Monthly Archives: January, 2015

#Crowdfunding for cooperation projects?

January 17th, 2015 Posted by software development 0 comments on “#Crowdfunding for cooperation projects?”

In 2014, Gnucoop developed the Produzioni dal basso (PDB) web application (, a crowdfunding platform, that allows registered users to propose and fundraise money for their projects. The system is very user-friendly. Anyone can propose a project or decide to support it through different funding methodologies.

Crowdfunding is a collective effort of a group of individuals networking and pooling their resources for a specific project initiated by other people. This is usually done via or with the help of the Internet. Single projects are usually financed through small contributions from a large number of individuals. This is a more casual, yet powerful, approach based on crowd participation as well as an alternative method to specialised grant applications or more formal and traditional fundraising techniques.

Do NGOs use crowdfunding to fund their developing projects?

Most of the projects published on ‘Produzioni dal basso’ are submitted by single individuals or small/local associations. However crowdfunding can also be an interesting tool for NGOs to fundraise money for their projects. Although this way of fundraising is not yet very popular among NGOs, there are some interesting aspects related to the use of crowdfunding by NGOs:
1. gaining trust via (financial) transparency. Many crowdfunding platforms show project funding status on daily basis, as well as the number of days that are left to fundraise the remaining balance and the total amount needed per project. This helps to increase transparency and NGOs’ accountability;
2. strengthening the connection between donors and beneficiaries. Anybody, from beneficiaries, to supporters, etc…can post comments about the project or engage in a discussion related to the project, via social networks. This would increase donors’ involvement giving them the possibility to play a more active part or role in the realization of the project;
3. co-financing: often NGOs need cofinancing to reach project budget; crowdfunding could be a way to fundraise the remaining balance;
4. return on involvement: with a crowdfunding campaign it is important to think about what people want in return for their support. In general, three different categories of returns can be identified: social return (good feeling), material return (pre-sales of a product) or financial return. Although charities normally only focus on social return, it can be very interesting for them to look into other type of crowdfunding models, like reward-based crowdfunding (small or special gifts as return) of social loans (a loan with 0% interest).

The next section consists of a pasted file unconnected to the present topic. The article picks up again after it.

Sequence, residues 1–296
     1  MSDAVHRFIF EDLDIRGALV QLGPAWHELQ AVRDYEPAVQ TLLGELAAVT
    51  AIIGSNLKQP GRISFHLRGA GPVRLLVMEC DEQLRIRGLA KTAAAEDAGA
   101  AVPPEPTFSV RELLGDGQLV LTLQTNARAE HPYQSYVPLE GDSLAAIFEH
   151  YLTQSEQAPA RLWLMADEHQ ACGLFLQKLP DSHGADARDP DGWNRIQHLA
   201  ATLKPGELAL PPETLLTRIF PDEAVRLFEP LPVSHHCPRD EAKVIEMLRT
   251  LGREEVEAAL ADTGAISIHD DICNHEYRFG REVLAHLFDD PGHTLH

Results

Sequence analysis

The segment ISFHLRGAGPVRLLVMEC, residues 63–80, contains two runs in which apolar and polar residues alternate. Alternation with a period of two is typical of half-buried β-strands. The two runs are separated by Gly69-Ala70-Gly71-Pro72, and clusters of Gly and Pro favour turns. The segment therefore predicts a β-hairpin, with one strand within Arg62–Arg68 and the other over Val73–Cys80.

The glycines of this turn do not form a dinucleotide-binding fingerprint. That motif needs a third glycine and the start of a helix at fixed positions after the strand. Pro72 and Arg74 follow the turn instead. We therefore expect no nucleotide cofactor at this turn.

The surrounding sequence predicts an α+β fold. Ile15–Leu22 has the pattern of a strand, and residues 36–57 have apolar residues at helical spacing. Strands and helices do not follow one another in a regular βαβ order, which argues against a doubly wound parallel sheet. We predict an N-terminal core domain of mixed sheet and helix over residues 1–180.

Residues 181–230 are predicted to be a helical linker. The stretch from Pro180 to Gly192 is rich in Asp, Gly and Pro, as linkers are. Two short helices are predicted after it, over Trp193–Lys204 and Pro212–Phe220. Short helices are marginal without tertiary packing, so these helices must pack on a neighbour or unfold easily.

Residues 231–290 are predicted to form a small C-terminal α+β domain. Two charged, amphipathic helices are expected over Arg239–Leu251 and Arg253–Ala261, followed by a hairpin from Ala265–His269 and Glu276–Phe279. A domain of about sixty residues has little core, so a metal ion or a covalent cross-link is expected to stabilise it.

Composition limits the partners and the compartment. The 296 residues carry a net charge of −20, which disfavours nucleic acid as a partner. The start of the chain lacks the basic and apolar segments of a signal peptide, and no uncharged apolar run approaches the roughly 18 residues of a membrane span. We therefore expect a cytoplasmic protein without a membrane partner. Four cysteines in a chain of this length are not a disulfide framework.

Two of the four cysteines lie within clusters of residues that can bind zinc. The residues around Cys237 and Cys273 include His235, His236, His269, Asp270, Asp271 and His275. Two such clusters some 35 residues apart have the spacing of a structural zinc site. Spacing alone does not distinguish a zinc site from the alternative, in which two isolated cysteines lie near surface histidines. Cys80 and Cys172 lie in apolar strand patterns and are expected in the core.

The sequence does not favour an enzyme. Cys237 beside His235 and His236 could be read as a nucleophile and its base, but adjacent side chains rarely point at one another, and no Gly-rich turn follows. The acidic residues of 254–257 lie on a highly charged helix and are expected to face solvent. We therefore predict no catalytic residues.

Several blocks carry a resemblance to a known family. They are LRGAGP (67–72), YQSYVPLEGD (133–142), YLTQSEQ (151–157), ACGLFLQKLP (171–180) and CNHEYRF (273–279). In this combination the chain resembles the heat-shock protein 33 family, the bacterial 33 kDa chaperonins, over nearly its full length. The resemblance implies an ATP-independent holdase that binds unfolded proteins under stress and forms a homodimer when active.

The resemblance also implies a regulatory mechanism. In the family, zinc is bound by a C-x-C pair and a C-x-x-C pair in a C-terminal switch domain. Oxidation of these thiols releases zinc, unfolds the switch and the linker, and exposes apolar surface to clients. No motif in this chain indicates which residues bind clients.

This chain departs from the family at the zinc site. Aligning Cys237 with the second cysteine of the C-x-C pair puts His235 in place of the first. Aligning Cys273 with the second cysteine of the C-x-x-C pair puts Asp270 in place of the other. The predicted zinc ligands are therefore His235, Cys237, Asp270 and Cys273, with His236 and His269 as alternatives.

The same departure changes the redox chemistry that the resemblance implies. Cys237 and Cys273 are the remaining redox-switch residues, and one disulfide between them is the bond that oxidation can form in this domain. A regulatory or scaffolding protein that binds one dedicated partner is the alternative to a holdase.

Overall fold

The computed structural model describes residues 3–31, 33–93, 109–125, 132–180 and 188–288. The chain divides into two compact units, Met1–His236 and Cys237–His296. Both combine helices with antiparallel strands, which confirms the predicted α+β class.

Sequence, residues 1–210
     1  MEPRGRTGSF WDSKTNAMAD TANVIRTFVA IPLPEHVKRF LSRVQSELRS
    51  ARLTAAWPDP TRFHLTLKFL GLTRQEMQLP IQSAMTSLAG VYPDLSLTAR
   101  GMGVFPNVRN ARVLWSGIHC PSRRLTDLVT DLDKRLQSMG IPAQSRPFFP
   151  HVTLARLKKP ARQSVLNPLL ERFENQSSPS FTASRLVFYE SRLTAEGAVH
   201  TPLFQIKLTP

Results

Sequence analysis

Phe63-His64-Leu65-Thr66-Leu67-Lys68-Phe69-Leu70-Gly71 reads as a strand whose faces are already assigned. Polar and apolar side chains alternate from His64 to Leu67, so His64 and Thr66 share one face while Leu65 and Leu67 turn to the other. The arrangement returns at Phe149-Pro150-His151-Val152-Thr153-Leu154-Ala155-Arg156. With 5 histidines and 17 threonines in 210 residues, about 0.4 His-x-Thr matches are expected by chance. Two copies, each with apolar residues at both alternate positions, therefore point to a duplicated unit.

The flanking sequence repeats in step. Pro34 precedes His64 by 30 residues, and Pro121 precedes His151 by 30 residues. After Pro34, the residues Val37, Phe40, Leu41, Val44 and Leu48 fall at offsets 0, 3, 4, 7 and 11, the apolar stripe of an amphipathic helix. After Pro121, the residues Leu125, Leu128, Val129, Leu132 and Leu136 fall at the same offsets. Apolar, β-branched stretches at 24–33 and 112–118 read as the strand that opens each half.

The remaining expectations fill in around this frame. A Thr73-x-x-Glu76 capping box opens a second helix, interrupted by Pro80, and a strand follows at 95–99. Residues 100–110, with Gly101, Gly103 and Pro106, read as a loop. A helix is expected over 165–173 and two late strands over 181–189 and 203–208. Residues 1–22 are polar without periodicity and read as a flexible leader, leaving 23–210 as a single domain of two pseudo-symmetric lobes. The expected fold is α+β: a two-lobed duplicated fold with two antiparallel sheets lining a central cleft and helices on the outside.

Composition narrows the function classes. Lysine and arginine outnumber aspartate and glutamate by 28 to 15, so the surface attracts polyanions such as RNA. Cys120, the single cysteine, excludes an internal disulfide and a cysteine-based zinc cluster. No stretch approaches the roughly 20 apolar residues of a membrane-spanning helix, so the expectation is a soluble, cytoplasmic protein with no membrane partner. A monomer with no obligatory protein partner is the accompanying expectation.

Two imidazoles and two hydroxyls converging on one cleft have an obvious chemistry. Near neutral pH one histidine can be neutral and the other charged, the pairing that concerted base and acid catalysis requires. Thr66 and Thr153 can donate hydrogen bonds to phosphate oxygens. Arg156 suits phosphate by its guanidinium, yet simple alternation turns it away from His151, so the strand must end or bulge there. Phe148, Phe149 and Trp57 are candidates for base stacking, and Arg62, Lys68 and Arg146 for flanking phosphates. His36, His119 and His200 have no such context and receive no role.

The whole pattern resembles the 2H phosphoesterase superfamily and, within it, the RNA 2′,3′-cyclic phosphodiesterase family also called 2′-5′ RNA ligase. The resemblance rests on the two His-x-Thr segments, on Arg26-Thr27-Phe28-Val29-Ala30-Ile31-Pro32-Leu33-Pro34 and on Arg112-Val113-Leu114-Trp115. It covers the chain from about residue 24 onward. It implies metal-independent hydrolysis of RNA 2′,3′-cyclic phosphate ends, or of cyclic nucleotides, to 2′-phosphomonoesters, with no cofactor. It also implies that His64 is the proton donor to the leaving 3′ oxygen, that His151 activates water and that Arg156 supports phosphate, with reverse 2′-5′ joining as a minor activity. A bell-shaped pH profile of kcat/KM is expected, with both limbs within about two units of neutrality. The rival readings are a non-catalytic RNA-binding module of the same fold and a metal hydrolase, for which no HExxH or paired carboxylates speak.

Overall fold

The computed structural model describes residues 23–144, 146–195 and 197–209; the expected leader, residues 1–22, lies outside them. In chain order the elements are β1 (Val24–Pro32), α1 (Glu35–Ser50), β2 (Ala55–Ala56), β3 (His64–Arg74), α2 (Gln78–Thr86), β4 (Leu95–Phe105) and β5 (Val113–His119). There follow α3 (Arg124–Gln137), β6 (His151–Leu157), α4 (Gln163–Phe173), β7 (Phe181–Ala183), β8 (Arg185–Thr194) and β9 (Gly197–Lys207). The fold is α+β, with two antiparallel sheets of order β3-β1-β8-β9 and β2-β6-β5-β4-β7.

Humanitarianism in the network age

January 15th, 2015 Posted by ICT4D 0 comments on “Humanitarianism in the network age”

To move into the network age, humanitarians will have to embrace constant adaptation.
Much of this adaptation will occur outside traditional humanitarian assistance forums.
The most efficient ways to use technology to support communities will be found in their use of technology. If aid organizations are willing to listen, learn and encourage innovation on the front lines, they can play a critical role in building a more inclusive and more effective humanitarian system.
OCHA study full text available in pdf

The document is well summarized by Patrick Meier on this blog post

Gnucoop and GIS applications

January 8th, 2015 Posted by DRR, ICT4D 0 comments on “Gnucoop and GIS applications”

In 2013 in Haiti, Gnucoop supported COOPI on the development of a webGIS platform,  namely SIRV-TAB, to help the municipality of Tabarre (in Port-au-Prince) and the National Civil Protection in locating resources, identifying critical issues, designing urban plans and understanding local vulnerabilities in order to increase population preparedness towards natural disasters and help managing crisis. The platform has been developed based on OpenGeo suite (GeoServer- OpenLayers and GeoExt) and  it is available at

Gnucoop staff spent one month in Haiti, working side by side with ngo COOPI-Cooperazione Internazionale and local authorities to define and develop the system requirements. As a result, the SIRV-TAB server allows geographic visualization of several types of information such as: public security data, presence of local organisations, water points, food storages, energy plants, transports, telecommunications, accommodations, waste management plants, roadworks and soil details.

Therefore, the SIRV-TAB database contributes to:

  • identify resources that are available to manage natural or man-made disasters in Tabarre;
  • manage these resources according to population needs, with a specific focus on the most vulnerable members of the society;
  • identify local hazards.

The SIRV-TAB can be used by decision makers, urban planners or simply personnel operating in crisis management in Tabarre to plan prevention/preparedness measures or organise response to emergency situations.

More informations here (available only in French)